Tents are one of those items that people are likely to want to see before they buy, so Simply Hike has created excellent videos that explain all the important information and allow customers to take a good look inside and outside of the tent. 

Shopify

Another animated feature, Shopify’s video is just a minute long but it does a great job of explaining the company’s service while making it seem like signing up is a very simple process.

The music and the narrator’s voice are both quite soothing, so it relaxes the viewer and helps to convince them of the benefits of using Shopify. 

ASOS

ASOS includes videos on all its product pages which allows customers to get a much better view of the clothing before they make a purchase.

Admittedly having a model posing in a pair of jeans isn’t particularly creative but it’s still worth flagging up as a way of using online video to increase sales.

Also some of them are unintentionally (or perhaps intentionally) hilarious, such as the utterly miserable plus size model and this guy who just loves to dance...

David Moth

Published 23 September, 2013 by David Moth @ Econsultancy

David Moth is Editor and Head of Social at Econsultancy. You can follow him on Twitter or connect via Google+ and LinkedIn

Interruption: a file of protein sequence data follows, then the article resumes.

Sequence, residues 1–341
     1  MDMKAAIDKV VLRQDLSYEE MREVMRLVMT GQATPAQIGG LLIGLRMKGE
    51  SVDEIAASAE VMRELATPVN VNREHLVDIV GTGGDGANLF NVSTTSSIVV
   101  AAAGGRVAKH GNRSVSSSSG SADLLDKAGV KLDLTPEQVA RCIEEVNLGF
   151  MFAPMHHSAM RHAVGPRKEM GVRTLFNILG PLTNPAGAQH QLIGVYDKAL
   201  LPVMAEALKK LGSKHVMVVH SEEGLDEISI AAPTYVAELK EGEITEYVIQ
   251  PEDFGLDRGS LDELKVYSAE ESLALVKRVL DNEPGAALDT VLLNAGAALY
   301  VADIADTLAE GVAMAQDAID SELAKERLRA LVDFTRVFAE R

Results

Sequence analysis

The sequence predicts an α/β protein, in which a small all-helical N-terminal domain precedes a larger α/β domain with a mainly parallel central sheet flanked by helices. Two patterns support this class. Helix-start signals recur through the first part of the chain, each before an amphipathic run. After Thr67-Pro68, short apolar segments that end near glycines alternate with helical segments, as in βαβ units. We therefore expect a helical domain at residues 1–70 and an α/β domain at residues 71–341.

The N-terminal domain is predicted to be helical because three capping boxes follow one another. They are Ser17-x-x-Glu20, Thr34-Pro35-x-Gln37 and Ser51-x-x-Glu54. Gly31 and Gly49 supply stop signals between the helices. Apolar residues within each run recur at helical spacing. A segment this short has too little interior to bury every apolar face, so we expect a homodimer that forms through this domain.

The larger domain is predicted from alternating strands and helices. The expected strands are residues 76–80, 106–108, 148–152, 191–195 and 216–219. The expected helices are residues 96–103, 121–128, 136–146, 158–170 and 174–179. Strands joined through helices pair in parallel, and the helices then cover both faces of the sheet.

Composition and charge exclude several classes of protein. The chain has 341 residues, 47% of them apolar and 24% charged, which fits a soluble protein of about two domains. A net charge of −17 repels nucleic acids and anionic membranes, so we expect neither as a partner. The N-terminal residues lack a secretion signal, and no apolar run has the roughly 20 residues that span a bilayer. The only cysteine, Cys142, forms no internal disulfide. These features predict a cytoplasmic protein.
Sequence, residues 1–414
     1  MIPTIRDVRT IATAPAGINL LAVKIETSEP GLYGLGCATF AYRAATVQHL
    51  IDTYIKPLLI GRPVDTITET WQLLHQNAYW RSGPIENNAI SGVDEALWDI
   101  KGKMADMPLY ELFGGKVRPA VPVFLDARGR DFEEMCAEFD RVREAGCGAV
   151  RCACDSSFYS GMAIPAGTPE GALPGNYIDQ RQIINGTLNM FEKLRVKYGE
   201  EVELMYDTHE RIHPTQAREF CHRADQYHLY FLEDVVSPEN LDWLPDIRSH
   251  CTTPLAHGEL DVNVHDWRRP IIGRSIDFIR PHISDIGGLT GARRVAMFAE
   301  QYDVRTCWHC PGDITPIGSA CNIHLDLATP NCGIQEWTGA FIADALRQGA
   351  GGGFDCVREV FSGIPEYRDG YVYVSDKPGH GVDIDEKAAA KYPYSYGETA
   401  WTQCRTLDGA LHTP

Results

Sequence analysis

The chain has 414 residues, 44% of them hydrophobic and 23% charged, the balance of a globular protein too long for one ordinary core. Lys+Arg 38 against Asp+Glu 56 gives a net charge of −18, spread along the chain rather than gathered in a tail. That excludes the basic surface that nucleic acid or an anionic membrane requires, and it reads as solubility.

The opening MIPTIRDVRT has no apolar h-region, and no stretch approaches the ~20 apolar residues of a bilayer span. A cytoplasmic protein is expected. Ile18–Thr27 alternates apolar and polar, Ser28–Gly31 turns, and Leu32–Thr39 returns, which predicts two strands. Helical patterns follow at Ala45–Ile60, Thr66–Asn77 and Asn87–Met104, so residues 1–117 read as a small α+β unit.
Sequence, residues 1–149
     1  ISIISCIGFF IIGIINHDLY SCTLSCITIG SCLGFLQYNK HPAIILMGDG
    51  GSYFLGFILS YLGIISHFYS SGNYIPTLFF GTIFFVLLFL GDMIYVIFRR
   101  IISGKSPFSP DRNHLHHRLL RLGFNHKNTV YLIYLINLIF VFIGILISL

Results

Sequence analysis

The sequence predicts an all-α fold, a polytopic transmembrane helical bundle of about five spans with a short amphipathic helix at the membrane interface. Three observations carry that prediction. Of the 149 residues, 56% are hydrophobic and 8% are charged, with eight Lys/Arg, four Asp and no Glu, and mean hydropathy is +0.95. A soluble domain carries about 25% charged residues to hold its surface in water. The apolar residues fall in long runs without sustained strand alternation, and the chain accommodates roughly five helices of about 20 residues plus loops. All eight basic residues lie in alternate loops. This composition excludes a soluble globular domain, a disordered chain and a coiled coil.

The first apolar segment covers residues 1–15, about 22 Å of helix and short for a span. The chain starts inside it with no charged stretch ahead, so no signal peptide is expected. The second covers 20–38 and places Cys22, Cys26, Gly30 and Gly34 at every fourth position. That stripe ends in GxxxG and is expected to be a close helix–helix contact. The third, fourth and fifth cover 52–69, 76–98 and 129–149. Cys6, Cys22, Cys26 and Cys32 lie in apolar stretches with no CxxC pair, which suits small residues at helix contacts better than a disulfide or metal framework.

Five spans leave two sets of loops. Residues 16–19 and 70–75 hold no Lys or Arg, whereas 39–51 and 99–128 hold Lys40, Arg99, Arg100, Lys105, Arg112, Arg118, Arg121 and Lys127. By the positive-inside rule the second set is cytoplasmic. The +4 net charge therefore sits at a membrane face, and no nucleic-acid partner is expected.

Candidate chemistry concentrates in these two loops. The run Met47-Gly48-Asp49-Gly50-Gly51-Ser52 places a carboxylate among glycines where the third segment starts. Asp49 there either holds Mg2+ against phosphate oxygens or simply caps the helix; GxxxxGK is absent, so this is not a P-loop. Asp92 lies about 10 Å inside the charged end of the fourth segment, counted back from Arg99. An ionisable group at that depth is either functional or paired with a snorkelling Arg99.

1674 more posts from this author

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Pete Fairburn

We created a series of instructional fitting videos for www.powakaddyspares.com

The videos showed viewers how to fit the spare golf trolley parts sold by the site. Increase in sales of the parts featured increased by over 40% as a result and continue to be strong.

Product video that is of use to the customer is certainly a powerful tool.

over 2 years ago

Richard Spalding

Richard Spalding, Senior User Experience Professional at Canon Europe Ltd.Enterprise

I particularly like these stop motion product videos from Bellroy
http://bellroy.com/wallets/hide-and-seek-wallet

over 2 years ago

Karl Harris

Karl Harris, Digital Media Consultant at Aviva

PadMapper: I love the product, so it’s a shame they don’t give enough information for you to follow-up on the energy they create.

Qubit: Interesting video, I like the concept of the video but it lacks the energy that would drive me to look into it more. Also the resolution of the video isn’t in high enough resolution so I can’t really see what she’s doing, which puts me off.

Advanced auto parts: I like the concept but the execution could be better. Lift music isn’t my thing, especially during the whole video. Although I like the end frame request for feedback, they haven’t capitalised on the sales opportunity, why not have a ‘Buy now’ or ‘Add to Cart’ on this screen?